Indicator of the Week: The Four-Year Signal Bulls Should Be Watching

The Dow Jones Industrial Average (DJIA) historically outperforms in the six months leading up to a presidential election

Senior Quantitative Analyst
May 11, 2016 at 6:30 AM
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We are now about six months away from the presidential election. Hillary Clinton and Donald Trump are the presumptive nominees for president for the two main parties this year. Soon, we'll be inundated with campaign ads on TV, in our mail, on Pandora … pretty much everywhere. I'm taking a look this week to see if the stock market behaves any differently in the run-up to a presidential election, compared to other years.  

Presidential Election Years vs. Other Years: In election years, Election Day is the first Tuesday in November, unless the first day of the month is a Tuesday. In that case, it's the second Tuesday. Going back to 1900, I looked at how the Dow Jones Industrial Average (DJIA) performed in the six months leading up to that first or second Tuesday in November. The table below compares presidential election years to non-election years. Note that I threw out the year 1914, as the market was closed for an extended period of time for World War I.

Dow six month returns election years

We know from the "Sell in May" axiom that May through October is the worst six-month period of the year for stocks, and this study covers roughly the same time period. You can see in the first column that, for all years since 1900, the Dow averaged a return of just under 2% in the six months leading up to the said Tuesday, which is not too impressive. However, in the 29 election years since 1900, the average return is 5.39%, with 69% of returns positive. During non-election years, the Dow averages a gain of less than 1%, and is positive about 55% of the time.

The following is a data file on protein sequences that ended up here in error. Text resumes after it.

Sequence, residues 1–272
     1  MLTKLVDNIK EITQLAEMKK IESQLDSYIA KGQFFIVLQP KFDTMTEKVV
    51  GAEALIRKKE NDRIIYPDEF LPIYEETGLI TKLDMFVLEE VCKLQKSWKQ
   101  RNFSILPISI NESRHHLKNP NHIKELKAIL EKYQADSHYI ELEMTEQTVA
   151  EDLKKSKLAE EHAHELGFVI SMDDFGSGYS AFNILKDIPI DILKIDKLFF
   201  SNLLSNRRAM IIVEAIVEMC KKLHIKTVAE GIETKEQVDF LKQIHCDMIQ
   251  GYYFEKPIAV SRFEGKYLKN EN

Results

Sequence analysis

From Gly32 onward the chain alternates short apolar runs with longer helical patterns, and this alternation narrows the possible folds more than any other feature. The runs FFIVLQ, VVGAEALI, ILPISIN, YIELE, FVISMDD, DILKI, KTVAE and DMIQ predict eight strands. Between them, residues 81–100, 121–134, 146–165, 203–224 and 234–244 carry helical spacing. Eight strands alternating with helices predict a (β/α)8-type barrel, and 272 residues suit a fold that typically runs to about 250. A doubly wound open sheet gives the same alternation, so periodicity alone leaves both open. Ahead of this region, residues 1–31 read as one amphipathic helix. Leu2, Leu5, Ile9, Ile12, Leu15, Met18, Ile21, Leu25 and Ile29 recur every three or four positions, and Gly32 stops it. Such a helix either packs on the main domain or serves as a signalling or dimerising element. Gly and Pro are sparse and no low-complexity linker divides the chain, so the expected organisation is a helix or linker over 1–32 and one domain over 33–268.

The reason for the outperformance in election years is related to the higher percentage of positive returns. Also, when the Dow has fallen in election years, the drop has been smaller in magnitude (averages a 6.33% loss, compared to 10.8% loss in non-election years). I was expecting more volatility in election years than non-election years, but it's actually the opposite. 

The data is pretty interesting and, now that we have it, let's fit a theory to it … even though you're not supposed to do this. First, the outperformance in election years is driven by the lower average negative return. It could be that investors never get too pessimistic heading into an election, because they are hopeful about the next administration or the mandate of the current administration (in years when the incumbent wins). As always, it could also be completely random. Whatever the reason, it at least gives us a reason to ignore the "Sell in May" theory during election years. 

The chart below shows the typical path the Dow takes in the six months leading up to Election Day (whether it's an election year or not). It rejects the idea that election years are less volatile than non-election years. The standard deviation of the final returns shows less volatility (seen in the table above), but the path to get to its final return is more volatile.

Dow election years chart

In election years, the Dow has struggled from May through late July, but then it really took off in the month of August. It struggled again from early September into the first part of October, and then spiked one more time heading into Election Day. The typical path for non-election years, on the other hand, shows the Dow staying within about 1.5% of the breakeven line.

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